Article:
Then, there are the exhibitions and installations by artists that explore the VR digital world and the possibilities of this in tandem with other artforms, such as experimental sound composition – see, for example Bjork’s exhibition, Bjork Digital, which played at Somerset House in London in autumn 2016, and is currently still touring the world), and Laurie Anderson’s VR collaboration with Hsin-Chien Huang, Chalkroom.

Within immersive theatre, makers are using VR and other immersive technology to expand and explore the realms in which audiences can be immersed (such as last year’s dreamlike Somnai by dotdotdot, and the use of audio guides and in-world smartphones in Dante or Die’s User Not Found).

This utilisation of technology is popping up everywhere, but when used within immersive theatre, does it actually develop the core functioning of the work?

Looking back to the 00s and 90s, it appears that the objective of most immersive theatre makers was to pull audiences into a world, exemplified by the above mentioned shows by Punchdrunk (Masque) and Shunt (Bobby Francois) – as well as numerous other performances by both companies: Amato Saltone (Review, Issue 18-2), Dance Bear Dance (Review, Issue 14-3), The Firebird Ball (Site Lines, Issue 17-3) and Faust (Review 19-1) – which all encourage the audience to become voyeurs of the action.

But as theatre has been doing such a good job of ‘immersion’ for a while, is using new technology for a similar effect really a progression? How different is walking through an immersive set with performers leaping over your head to being uploaded into a haunted house through a VR headset? Perhaps the sensorial experience is different: with live performance being able to incorporate all the senses, and technology being able to deliver these sensations in altered and experimental ways. However, the level of engagement still remains the same. As in, the relationship between the sensorial input and the audience is one-directional, the audience receives, receives and receives, without giving back (or at least, without giving as much back).

I don’t mean to devalue the magic that the clever use of tech can create in immersive work. I’ve seen some beautiful binaural work lately – Darkfield’s other show SÉANCE stuck with me in a significant way for a good while after seeing it – but my point is that the development of technology has been more useful in affecting how we view the medium as audiences, and that with a new perspective comes new ways of engaging with work. Sleepwalk Collective’s heavy integration of audio and visual design into their performances give the technical elements of their work a stage presence as valuable as that of the performers, and although work such as theirs isn’t necessarily ‘immersive’, it demonstrates a readiness to accept a new level of technological integration.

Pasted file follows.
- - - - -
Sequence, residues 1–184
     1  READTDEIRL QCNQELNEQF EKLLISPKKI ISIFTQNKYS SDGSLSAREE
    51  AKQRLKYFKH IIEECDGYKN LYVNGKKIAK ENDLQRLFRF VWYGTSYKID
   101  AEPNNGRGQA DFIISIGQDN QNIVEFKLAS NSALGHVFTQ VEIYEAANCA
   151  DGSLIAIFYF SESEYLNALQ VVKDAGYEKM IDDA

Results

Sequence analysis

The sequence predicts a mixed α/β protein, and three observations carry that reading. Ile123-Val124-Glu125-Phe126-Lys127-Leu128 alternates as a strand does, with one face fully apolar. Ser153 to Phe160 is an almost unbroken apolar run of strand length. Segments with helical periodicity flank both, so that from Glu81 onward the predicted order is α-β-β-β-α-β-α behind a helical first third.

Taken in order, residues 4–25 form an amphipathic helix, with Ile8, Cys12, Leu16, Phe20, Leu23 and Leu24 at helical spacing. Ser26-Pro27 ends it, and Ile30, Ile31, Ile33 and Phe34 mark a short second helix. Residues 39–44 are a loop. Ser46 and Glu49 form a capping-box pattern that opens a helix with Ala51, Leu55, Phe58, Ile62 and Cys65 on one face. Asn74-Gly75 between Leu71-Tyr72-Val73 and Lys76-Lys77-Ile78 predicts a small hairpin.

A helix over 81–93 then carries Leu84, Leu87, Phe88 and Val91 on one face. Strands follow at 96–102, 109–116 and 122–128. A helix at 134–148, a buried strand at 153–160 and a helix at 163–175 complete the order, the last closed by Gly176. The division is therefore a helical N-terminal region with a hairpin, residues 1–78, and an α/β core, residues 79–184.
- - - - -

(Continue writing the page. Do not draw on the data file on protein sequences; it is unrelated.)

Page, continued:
This extent of technological integration has been predicted and explored by artists and theatre-makers since the 1990s – and there is evidence of this in the Archive. A notable contributor to this is performance artist, Stelarc, whose work questioned the presence of technology within people’s bodies and the political implications of this symbiosis. One of his performances, Split Bodies: Voltage In / Voltage Out (discussed further in ‘Invaded Bodies’, Volume 8/2) was a dance piece but not in a traditional sense: electrical circuits were connected via Stelarc’s muscles, so that when timed charges were sent around the circuit, they caused him to perform a choreographed dance, completely out of his control. A useful overview of his approach, work and attitude can be found in the article ‘Tomorrow’s Theatre Today’ (17/3). Although not in such a distinct body-horror-esque direction, technology’s integration into everyday life (hello, Alexa!) has definitely moved forwards and continues to be reflected within theatre and performance.

In the past ten years, one avenue of performance work has experienced a booming growth. Forging their own path within the immersive theatre landscape are makers of ‘interactive’ theatre. Early experimenters of this form include Coney, who initially created a game called The Gold-Bug as part of Punchdrunk’s The Masque of the Red Death, before moving on to generate a huge body of work, becoming the market leaders in theatre that uses game structures; and Ontroerend Goed, who have led the way with their game-based and/or ‘intimate encounter’ interactive work, which is just one strand of their practice – winning the first of two consecutive Total Theatre Awards for Experiment & Innovation in 2007, for Smile off Your Face.